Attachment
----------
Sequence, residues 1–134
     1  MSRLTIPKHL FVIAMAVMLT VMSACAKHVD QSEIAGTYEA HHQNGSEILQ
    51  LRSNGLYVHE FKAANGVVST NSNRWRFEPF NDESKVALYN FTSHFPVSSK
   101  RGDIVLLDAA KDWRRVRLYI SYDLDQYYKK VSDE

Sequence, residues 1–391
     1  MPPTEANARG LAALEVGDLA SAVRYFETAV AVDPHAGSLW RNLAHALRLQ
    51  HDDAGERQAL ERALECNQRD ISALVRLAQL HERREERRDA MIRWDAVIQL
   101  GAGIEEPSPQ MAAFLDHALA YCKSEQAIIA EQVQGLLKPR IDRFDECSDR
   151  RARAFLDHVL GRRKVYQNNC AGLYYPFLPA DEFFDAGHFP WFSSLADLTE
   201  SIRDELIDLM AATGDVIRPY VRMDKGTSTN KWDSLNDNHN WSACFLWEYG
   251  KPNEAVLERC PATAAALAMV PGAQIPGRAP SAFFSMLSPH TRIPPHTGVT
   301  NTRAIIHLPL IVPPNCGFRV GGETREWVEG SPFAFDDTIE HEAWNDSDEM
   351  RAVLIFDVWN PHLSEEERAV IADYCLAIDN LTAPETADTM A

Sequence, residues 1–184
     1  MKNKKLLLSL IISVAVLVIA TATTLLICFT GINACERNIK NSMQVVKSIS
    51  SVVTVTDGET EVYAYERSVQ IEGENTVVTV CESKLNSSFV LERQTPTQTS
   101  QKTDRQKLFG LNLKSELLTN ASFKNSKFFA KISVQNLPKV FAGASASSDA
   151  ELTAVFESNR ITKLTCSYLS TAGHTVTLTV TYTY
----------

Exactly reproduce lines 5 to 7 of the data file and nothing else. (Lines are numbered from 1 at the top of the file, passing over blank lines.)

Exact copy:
Sequence, residues 1–391
     1  MPPTEANARG LAALEVGDLA SAVRYFETAV AVDPHAGSLW RNLAHALRLQ
    51  HDDAGERQAL ERALECNQRD ISALVRLAQL HERREERRDA MIRWDAVIQL